Cell compiler version 0.5.4

Version 0.5.4 of the Java and C# code generators are now available. Apart from a number of bug fixes, they bring some syntactic changes, a more efficient way to load and save the state of relational automata, and major improvements to the interface of the generated classes when compiling to C#.

The instructions used to send messages to relational automata and to set and make a copy of their states have been replaced with builtin procedures. Instead of writing:

// Sending a message to an automaton
success = instance <- message;

// Making a copy of the automaton state
state_copy = read instance;

// Setting the state of an automaton
success = write instance <- new_state;

you'll now have to write:

// Sending a message to an automaton
success = Send(instance, message);

// Making a copy of the automaton state
state_copy = Copy(instance);

// Setting the state of an automaton
success = Set(instance, new_state);

The old syntax was admittedly pretty weird, while the new one is more uniform and easy to remember. There are also new procedures for directly loading and storing the state of an automaton instance from and to a file:

// Loading the state of instance from state.txt
success = Load(instance, "state.txt");

// Saving the state of instance to state.txt
success = Save(instance, "state.txt");

It was already possible to do this of course, but the old way of doing it was not only slower but it required a lot more memory, which caused it to fail when dealing with very large datasets. These functionalities were already available in embedded mode (through load(..)/save(..) in Java and Load(..)/Save(..) in C#) but now they can be used also in programs written entirely in Cell.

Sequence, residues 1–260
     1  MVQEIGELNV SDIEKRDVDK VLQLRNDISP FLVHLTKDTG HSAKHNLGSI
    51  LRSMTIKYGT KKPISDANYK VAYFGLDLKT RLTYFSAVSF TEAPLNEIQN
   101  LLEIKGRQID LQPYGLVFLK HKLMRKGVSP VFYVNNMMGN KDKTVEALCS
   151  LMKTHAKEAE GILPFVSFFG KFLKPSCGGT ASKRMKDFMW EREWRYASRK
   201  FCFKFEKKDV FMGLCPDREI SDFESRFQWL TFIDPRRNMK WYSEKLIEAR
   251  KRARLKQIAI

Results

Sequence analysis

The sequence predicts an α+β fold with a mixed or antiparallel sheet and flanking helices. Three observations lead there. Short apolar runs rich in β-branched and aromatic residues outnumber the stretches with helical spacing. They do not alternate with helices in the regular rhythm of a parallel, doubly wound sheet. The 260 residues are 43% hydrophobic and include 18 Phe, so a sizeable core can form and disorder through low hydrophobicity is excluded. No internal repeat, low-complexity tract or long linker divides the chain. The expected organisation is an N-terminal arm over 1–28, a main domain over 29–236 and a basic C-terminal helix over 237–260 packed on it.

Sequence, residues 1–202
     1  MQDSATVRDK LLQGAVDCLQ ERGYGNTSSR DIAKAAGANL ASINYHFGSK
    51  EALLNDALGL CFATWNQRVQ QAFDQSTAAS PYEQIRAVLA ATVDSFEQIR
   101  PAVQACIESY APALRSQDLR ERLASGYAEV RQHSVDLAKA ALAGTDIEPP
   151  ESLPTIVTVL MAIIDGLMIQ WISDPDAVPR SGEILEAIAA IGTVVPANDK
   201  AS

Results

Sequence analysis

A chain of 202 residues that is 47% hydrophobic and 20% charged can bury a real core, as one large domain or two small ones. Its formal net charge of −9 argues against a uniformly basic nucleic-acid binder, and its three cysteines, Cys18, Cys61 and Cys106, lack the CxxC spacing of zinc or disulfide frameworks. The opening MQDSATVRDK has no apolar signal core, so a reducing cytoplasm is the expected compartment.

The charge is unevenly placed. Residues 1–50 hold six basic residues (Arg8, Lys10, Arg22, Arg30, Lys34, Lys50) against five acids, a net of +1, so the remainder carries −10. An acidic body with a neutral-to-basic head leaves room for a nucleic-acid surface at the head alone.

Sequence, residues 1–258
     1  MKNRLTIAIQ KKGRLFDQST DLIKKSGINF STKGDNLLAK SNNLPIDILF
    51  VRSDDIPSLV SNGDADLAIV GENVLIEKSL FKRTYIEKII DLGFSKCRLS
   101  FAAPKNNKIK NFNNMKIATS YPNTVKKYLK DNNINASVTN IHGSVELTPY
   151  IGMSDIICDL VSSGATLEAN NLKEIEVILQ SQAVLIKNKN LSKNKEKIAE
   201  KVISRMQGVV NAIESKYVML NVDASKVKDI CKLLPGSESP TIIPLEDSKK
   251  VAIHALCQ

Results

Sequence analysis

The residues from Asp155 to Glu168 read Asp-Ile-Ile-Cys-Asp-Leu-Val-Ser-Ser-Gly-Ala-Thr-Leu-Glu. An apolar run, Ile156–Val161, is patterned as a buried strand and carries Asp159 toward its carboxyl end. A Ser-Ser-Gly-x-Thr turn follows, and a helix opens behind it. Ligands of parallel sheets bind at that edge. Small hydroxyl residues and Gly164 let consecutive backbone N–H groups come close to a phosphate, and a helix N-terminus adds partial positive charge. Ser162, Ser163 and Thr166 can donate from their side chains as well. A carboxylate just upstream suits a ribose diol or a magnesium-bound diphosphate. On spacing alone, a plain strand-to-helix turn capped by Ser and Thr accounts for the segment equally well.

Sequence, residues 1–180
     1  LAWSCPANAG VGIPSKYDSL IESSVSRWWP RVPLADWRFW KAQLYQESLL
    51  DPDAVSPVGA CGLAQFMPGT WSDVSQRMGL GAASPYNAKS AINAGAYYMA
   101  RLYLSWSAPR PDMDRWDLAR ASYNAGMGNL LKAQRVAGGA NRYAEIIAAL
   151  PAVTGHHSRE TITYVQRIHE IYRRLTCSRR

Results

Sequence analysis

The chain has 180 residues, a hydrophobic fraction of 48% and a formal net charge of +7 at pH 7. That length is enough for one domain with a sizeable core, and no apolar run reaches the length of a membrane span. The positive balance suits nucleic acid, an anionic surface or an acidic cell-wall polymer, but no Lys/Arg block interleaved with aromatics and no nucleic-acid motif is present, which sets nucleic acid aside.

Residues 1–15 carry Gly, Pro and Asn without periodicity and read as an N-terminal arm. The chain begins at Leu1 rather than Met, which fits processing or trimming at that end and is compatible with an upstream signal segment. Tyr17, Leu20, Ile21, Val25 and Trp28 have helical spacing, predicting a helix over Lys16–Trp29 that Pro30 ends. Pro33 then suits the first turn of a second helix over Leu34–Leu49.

By far the most important new feature of this release is a complete redesign of the interface of the C# classes generated for use in embedded mode. You can read the details here. From the beginning one of the main goals of Cell was to make those generated classes almost as easy to use as hand-written ones. The design of their interface went through several iterations, none of which was particularly satisfactory until now, but this release comes, I believe, reasonably close to that goal, and it's the first one I'm moderately satisfied with.

Unfortunately, it's also heavily dependent on a number of C# features (tuples and named tuples in particular, but also partial classes and named and optional arguments) that are not available in Java, so this new design cannot be ported as it is to the Java code generator. The plan is to also improve the interface of the generated Java classes in a future release of course, but there are many details that still need to be figured out, so that will have to wait a bit longer.

Finally this release adds a bunch of new sorting functions to the standard library, which are documented here.